“Granted they took a little while to come back but they have been gradually returning over the years and now offer a competitive alternative to normal capital and interest mortgages in the right situation.”
Strutt added: “Most of the bigger lenders want a larger slice of the interest-only market and many of them are looking at ways to ease their acceptance policy, especially if their main competitors offer a more lenient policy.
“Brokers have waited a long time for the lenders to really push to attract interest-only business, but the market is more positive.”
According to criteria analysis of interest-only mortgages by SBG, borrowers who want to use sale of property as their repayment vehicle are generally restricted to a maximum LTV of 50 per cent. Most lenders are happy to offer part repayment and part interest-only up to 75 per cent LTV.
Leeds Building Society will offer up to 60 per cent LTV and Virgin Money up to 65 per cent LTV on interest only. Building Societies such as the Harpenden and Leek United will go up to 75 per cent LTV.
Banks generally stipulate the borrower must have between £150,000 to £300,000 equity in the home.
Sesame’s analysis found Santander to be the most flexible on this criteria point, accepting £150,000 equity and allow this to be at end of term if there some element of capital and repayment on the mortgage. Otherwise lenders request the minimum equity to be available on application.
Dudley Building Society, Family Building Society, and Furness Building Society have no strict restrictions on level of equity in the property and instead look for comparison properties within a five-mile radius that the homeowner would be able to downsize to.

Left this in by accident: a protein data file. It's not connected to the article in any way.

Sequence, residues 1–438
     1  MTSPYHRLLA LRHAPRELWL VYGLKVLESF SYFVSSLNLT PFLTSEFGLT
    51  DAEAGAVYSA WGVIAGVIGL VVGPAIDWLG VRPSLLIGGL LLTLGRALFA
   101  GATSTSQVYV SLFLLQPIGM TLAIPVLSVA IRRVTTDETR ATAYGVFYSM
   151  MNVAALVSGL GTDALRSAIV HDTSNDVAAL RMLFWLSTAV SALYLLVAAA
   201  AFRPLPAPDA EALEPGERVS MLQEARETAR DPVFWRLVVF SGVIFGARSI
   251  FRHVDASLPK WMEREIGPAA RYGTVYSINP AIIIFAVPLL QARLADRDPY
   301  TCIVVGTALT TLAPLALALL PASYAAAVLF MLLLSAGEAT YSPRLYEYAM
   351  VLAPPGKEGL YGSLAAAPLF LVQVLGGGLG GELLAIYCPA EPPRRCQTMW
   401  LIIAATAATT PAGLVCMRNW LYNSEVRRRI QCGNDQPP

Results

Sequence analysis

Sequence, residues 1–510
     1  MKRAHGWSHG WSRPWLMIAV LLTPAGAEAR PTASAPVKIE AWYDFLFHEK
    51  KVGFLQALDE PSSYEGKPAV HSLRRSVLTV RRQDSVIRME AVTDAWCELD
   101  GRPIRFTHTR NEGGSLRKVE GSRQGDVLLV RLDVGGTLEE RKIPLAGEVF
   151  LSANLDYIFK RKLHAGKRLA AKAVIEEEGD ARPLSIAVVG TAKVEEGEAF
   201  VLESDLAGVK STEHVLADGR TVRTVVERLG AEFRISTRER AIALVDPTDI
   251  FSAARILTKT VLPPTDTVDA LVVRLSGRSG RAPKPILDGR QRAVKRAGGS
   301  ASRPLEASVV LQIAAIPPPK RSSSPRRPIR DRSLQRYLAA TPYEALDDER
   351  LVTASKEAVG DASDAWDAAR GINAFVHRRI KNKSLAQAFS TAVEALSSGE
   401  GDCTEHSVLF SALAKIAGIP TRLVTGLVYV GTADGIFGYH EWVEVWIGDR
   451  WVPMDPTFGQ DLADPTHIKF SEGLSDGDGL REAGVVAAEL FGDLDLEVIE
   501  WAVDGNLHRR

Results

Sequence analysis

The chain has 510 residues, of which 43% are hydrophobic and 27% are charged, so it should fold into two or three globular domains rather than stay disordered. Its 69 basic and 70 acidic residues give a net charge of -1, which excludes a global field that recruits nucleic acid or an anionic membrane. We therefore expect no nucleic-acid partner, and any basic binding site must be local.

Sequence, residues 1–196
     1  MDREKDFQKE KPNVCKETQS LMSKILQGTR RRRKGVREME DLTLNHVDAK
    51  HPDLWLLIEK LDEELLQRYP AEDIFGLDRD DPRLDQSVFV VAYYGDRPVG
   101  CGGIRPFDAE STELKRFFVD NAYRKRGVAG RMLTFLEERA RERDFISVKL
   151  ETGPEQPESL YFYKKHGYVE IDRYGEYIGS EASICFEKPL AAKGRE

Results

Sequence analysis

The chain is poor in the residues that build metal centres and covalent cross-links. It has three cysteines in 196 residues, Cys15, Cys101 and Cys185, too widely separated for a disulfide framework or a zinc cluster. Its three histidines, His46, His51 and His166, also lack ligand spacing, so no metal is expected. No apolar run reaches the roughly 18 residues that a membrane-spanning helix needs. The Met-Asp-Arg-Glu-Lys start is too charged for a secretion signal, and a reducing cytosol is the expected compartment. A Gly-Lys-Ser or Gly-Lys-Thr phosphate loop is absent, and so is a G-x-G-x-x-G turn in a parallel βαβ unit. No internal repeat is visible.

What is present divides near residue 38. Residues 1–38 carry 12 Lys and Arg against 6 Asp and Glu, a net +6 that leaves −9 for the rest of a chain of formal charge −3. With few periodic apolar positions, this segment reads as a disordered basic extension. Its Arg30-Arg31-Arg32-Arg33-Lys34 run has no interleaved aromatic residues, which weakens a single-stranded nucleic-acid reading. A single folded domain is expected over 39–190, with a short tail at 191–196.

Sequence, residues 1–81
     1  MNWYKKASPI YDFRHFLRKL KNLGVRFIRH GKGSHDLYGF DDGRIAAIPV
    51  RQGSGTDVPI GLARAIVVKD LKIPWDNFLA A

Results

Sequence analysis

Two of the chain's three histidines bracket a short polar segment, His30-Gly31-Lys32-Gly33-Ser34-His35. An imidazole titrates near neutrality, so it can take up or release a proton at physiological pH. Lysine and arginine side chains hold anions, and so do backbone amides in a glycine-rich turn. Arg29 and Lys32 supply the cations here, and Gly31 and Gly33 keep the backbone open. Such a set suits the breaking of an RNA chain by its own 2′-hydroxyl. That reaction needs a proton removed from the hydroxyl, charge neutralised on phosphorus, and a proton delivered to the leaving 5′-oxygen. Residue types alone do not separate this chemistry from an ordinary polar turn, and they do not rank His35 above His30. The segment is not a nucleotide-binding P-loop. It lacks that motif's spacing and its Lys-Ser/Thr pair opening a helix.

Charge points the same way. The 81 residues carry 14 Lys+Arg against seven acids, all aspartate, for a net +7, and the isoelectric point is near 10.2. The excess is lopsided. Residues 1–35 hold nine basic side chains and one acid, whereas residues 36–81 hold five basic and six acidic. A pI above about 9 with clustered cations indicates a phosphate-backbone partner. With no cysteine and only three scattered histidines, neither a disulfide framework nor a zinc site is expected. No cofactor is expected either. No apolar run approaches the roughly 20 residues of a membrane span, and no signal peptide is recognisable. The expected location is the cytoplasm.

The minimum income levels of £75,000 for a single borrower and £100,000 for joint stipulated by NatWest are the norm.
Jane Benjamin, director of mortgages, SBG, said: “A factor to remember for interest only is that lenders are stricter on income requirements compared to capital and repayment. This is important when placing a case with the mainstream lenders. Accord, Coventry, Leeds Building Society and Santander have no minimum income requirements, however, other mainstream lenders only accept applications for high income earners.”
With banks willing to offer more flexible terms on interest only than they have done in recent years, it can offer borrowers a way to free up cash but with such tight criteria controls in place, an interest-only arrangement is not for the cash strapped.
Sykes added: “The mortgage needs to be affordable in a lender’s eyes. Often lenders will stress the mortgage is affordable on a capital and interest loan rather than interest-only just to be sure the borrower can afford it. So suggestions that interest only is a useful tool in times of distress will often fail.
“If you are in a vulnerable position with no work or are self-employed with reduced income it may well be the mortgage isn’t available to you at all, or on an interest-only basis at the moment.”